Utah Republicans don't expect Trump to lose the state's six Electoral College votes to Clinton (or Johnson.) The state is simply too Republican, and conservative, to shift its support to a liberal Democrat like Clinton.

It's in Utah that Trump's pitch about voting for him to protect the Supreme Court's conservative majority, and his other traditional GOP positions, like across-the-board tax cuts, should resonate with Republicans and overcome whatever reticence they have toward him.

Utah's GOP establishment has been slow to come around. Hughes has been among the minority of high profile Republicans to do so early. Sen. Mike Lee still refuses to endorse Trump. Others, like Sen. Orrin Hatch, have offered only begrudging support.

But just last week, Gov. Gary Herbert, who endorsed Ted Cruz in the Utah primary, which was won by the Texas senator, offered his seal of approval, saying during a news conference that that he would be casting a ballot for Trump in November. Herbert cited Trump's vice presidential pick, Indiana Gov. Mike Pence, and the Supreme Court, as factors.

"There's not a lot of enthusiasm for Trump, but there's even less for Hillary Clinton," said LaVarr Webb, a Republican consultant in Salt Lake City whose publication,, sponsored the Dan Jones poll.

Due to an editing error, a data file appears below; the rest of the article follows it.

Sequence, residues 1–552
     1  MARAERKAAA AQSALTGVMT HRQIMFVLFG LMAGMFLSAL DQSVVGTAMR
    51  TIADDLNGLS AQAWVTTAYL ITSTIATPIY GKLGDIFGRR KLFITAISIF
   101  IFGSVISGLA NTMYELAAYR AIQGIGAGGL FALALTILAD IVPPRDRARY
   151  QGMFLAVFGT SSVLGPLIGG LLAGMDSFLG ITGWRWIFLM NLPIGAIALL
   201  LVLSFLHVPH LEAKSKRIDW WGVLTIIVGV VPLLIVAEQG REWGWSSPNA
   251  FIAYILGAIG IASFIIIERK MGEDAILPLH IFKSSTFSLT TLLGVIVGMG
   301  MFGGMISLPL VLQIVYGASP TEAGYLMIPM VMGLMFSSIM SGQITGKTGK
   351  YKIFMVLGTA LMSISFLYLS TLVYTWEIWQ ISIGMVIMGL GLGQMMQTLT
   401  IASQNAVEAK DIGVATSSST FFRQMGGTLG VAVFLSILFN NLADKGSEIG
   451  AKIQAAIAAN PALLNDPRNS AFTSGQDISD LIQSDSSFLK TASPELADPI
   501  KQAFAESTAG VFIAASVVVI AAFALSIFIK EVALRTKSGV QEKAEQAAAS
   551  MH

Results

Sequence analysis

Post-convention, Trump has continued his practice, honed during the primaries, of needlessly lashing out at the media, fellow Republicans and other myriad critics.

But unlike the primary season, the approach has distracted from his populist economic message and, while pleasing to his loyal base, has hampered his ability to grow his support with the voting blocs he'll need to defeat Clinton.

It's played right into Clinton's hands, whose strategy relies in large part on painting Trump as unmoored and temperamentally unfit to be commander in chief.

It's also helped obscure accusations that Clinton was involved in potential corruption with her family's charitable foundation while she was secretary of state, and that her use of a private, home-based email server during the same period exposed national secrets to U.S. adversaries.

The net result has been falling poll numbers and broader antipathy among mainstream Republican voters, nationally and in the swing states that are likely to decide the election. That loss of support has bled into Utah.